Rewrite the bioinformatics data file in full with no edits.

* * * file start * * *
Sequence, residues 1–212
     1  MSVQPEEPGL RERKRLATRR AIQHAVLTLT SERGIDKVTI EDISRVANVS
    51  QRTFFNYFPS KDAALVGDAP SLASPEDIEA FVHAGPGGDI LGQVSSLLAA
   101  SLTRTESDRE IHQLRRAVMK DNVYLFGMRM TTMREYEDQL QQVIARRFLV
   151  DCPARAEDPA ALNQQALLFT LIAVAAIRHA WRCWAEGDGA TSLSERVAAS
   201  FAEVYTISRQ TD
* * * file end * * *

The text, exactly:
Sequence, residues 1–212
     1  MSVQPEEPGL RERKRLATRR AIQHAVLTLT SERGIDKVTI EDISRVANVS
    51  QRTFFNYFPS KDAALVGDAP SLASPEDIEA FVHAGPGGDI LGQVSSLLAA
   101  SLTRTESDRE IHQLRRAVMK DNVYLFGMRM TTMREYEDQL QQVIARRFLV
   151  DCPARAEDPA ALNQQALLFT LIAVAAIRHA WRCWAEGDGA TSLSERVAAS
   201  FAEVYTISRQ TD